And here come da Judge
AGGRESSIVE cruising is an oxymoron, but it is an apt description of Victory’s latest model.
The Judge is a stripped-down machine reminiscent of the 1969 Pontiac GTO — which was also known as the Judge.
This Yank muscle cruiser is a welcome addition to the showroom floor as every second bike sold in Australia over 500cc in capacity is a cruiser.
VALUE Like all Victory bikes, the Judge is priced between its direct competitor and compatriot, HarleyDavidson, and the Japanese.
At $22,995 ride away that’s $2000 less than its main style rival, the Harley Fat Bob — which is the fifth-best-selling cruiser on the showroom floor.
But the value is also in Victory’s standout level of fit and finish and the quality of components.
Yet it’s built to a price, so there are no extras either, and the white-lettered tyres look good, but they have a hard compound and as external relations manager Robert Pandya confesses, they are cheap.
Options include heated grips, luggage, solo seat and a 25mm longer rear shock for greater clearance and sharper handling.
TECHNOLOGY All Victory motorcycles are powered by a ‘‘106’’ or 1731cc V-twin engine with the cruisers tuned down a bit. Still, it has about 13 per cent more torque than the Harley.
Like its American cousin, it is driven by a six-speed overdriven gearbox and a quiet and lowmaintenance belt drive.
It’s basically the underpinnings of a Victory Vegas with different wheels and styling cues.
SAFETY Only Victory’s touring models have ABS, which is a shame.
The brakes are one big 300mm disc up front with stainless steel lines for feel and performance.
There is also a 300mm rear rotor that is very effective.
It has cartridge forks and a progressive single rear shock with pre-load adjustable for heavy or aggressive riders and the extra load of a pillion.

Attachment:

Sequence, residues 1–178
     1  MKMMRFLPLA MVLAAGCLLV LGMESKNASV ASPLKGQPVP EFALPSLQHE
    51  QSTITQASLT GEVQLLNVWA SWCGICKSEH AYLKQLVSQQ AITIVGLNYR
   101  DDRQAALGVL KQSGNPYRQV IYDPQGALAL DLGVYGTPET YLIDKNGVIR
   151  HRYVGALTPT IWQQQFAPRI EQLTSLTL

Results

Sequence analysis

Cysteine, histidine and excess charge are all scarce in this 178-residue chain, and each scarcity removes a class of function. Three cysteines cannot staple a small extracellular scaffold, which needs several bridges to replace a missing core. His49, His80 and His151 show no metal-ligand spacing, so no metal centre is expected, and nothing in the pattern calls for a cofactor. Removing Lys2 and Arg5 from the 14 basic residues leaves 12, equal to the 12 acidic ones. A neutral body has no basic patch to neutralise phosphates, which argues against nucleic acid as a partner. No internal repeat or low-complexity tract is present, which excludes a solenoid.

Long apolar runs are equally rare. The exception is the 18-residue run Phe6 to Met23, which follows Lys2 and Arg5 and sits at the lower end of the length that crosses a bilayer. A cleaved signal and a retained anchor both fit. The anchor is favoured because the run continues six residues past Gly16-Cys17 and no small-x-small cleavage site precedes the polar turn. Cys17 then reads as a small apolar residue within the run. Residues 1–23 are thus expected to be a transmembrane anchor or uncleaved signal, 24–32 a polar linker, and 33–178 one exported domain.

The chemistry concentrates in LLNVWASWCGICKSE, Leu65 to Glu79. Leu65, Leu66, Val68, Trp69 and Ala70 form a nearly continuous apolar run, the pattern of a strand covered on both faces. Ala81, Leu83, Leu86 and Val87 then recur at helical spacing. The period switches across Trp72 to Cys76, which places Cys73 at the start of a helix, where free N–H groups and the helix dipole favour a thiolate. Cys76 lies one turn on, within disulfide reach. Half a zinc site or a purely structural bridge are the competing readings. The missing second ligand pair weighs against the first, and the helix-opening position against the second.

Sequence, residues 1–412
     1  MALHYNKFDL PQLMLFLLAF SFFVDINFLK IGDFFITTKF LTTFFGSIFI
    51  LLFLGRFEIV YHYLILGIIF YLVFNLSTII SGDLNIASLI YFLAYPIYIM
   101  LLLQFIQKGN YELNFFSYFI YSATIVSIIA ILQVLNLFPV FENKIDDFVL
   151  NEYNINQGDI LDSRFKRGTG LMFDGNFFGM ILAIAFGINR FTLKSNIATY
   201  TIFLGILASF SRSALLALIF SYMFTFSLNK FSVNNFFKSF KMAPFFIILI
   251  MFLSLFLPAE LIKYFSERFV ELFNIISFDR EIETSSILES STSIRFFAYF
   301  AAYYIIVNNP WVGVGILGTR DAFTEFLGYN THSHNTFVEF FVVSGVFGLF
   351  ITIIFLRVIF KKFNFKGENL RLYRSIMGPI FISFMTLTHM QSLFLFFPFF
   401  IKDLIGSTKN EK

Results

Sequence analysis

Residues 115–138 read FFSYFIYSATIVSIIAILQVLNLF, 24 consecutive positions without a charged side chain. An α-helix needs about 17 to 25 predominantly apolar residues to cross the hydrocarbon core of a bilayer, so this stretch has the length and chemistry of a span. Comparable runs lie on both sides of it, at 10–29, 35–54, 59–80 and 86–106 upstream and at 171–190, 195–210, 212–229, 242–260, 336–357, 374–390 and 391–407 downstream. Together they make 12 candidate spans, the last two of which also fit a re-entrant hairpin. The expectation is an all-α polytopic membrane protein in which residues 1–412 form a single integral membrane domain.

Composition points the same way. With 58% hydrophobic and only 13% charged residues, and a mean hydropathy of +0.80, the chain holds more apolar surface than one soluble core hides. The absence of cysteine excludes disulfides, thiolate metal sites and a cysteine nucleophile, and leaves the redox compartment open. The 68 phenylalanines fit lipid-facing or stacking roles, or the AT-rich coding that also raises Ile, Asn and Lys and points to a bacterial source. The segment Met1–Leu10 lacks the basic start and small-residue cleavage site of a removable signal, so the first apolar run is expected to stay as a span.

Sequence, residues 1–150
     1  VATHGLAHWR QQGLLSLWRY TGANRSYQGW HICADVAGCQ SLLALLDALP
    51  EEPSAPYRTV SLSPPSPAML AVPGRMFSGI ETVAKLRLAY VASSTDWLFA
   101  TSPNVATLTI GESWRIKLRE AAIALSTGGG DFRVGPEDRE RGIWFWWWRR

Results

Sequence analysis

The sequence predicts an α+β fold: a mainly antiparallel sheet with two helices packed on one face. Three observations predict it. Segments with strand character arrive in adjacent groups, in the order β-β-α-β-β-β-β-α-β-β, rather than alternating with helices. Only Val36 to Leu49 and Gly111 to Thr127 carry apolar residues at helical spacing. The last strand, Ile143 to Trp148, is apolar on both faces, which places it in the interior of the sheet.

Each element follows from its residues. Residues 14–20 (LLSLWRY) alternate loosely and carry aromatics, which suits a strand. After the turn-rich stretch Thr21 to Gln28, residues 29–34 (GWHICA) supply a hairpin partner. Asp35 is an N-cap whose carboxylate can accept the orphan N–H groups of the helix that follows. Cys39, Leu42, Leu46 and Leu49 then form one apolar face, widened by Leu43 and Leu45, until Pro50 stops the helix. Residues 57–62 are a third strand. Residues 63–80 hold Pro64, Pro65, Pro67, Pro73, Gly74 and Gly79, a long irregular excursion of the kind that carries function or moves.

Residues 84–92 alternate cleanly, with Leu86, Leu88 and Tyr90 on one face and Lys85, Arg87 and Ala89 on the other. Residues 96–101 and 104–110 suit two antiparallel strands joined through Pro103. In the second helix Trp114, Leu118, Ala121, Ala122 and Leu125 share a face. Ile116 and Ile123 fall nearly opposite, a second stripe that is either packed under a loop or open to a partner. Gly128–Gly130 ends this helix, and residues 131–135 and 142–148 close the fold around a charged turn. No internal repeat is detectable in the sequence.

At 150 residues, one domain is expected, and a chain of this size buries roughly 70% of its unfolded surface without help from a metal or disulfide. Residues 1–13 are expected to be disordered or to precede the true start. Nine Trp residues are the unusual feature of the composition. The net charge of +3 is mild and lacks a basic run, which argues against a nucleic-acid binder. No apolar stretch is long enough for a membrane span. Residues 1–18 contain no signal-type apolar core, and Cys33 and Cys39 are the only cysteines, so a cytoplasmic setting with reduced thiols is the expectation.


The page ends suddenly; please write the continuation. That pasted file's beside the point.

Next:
DESIGN The Judge is all about a menacing, muscular design like the Pontiac and even comes with a hero orange ‘‘suede’’ colour option and five-spoke ‘‘mag’’ wheels like its namesake ’60s muscle car.
This no-frills ‘‘brat’ bike features drag-style handlebars, small cast headlight, mid-mount foot controls, a flatter-than-usual rider’s seat and that high and fat front tyre with the white lettering.
RIDING The aggressive riding position encourages the rider to dig into corners, but the footpegs protest by grinding into the tarmac.
Many owners should opt for that longer rear shock.
The footpegs can also be adjusted which provide slightly better clearance angles.
Victory’s engines have become smoother and quieter over the years and this is yet another step up. It comes on with a seductive frisson of torque — as much as some small cars.
The brakes may seem underwhelming — but they perform well if you apply the front and rear stoppers together. Like the engine, the transmission has become smoother and quieter, although it is difficult to swap cogs on any big V-twin without a clunk
Despite the aggressive riding position, it is easy to get comfortable but after a long haul, your shoulders and backside may need a good rub.
The low seat should widen the bike’s appeal.
Terri Hayward, 19, of Southport, on the Victory Judge at the Gold Coast Expo. For a cruiser, this bike has muscle and an aggressive look and feel